Knight

Assistant Professor
Director of Psychology

Areas of Interest
Psychology, Neuropsychology, Stroke

 


Biography

Dr. Knight works as a neuropsychologist and rehabilitation psychologist at Spain Rehabilitation Center, seeing patients with traumatic or complex medical events on the Orthopedic and Medical Trauma Service. Dr. Knight provides services to people experiencing a wide range of medical trauma, including fractures, burn, crush, amputations, and mild to moderate brain injury. Medical patients are also seen with conditions including peripheral weakness from infectious diseases, autoimmune disorders, cancer, cardiopulmonary conditions, post-surgical debility and neurodegenerative disease. In addition, Dr. Knight provides behavioral health services for the UAB Cardiopulmonary Rehabilitation Program, including counseling, support groups, and classes in coping skills and stress management.

Dr. Knight conducts neuropsychological evaluations for those patients with cognitive or behavioral problems related to their underlying brain disorder. Counseling is provided for patients with acute stress, PTSD and adjustment disorders following illness or injury. Counseling sessions may involve supportive contact, education, psychotherapy (individual and/or family), behavioral health strategies and/or crisis intervention. Patients are also referred for Post Concussive and PTSD evaluations.

Dr. Knight’s research investigates the human neurobiological response to stress following acute trauma exposure (<30 days post event) with functional neuroimaging (fMRI) to predict susceptibility/resilience to PTSD. Pilot studies are underway to recruit volunteers in early days following a traumatic injury in the acute medical setting of UAB. This research uses a well-controlled paradigm to investigate the neural substrates of anxiety-related behavior in functional neuroimaging (fMRI). In this study, functional neuroimaging methods are used to determine the neural mechanisms mediating acquisition, expression, and extinction of fear memory processes in humans who have had recent in vivo exposure to an acute medical trauma. Utility of these mechanisms in predicting progression or resolution of acute stress symptoms at follow-up will be explored. The goal of this research is to identify the neurobiological mechanisms that mediate pathological and healthy emotion regulation and translate this work into therapeutic strategies for stress-based psychiatric conditions.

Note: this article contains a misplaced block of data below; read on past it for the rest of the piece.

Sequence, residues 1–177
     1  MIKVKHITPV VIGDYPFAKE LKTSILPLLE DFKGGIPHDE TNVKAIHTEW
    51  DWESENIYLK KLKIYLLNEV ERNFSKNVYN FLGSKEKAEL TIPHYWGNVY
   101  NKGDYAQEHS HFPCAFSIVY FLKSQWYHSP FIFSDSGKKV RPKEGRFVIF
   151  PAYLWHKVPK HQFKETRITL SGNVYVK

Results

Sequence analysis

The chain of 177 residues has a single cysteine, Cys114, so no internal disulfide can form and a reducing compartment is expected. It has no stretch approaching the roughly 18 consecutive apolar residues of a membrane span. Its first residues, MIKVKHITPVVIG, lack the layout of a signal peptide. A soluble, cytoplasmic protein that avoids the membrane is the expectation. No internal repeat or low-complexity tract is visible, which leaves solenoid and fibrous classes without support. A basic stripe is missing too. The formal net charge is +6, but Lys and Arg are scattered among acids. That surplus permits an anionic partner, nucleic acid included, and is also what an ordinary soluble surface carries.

Education & Training

PhD, University of Wisconsin-Milwaukee

Contact

530 Spain Rehabilitation Center
1717 6th Avenue South
Birmingham, AL 25233
205-934-3454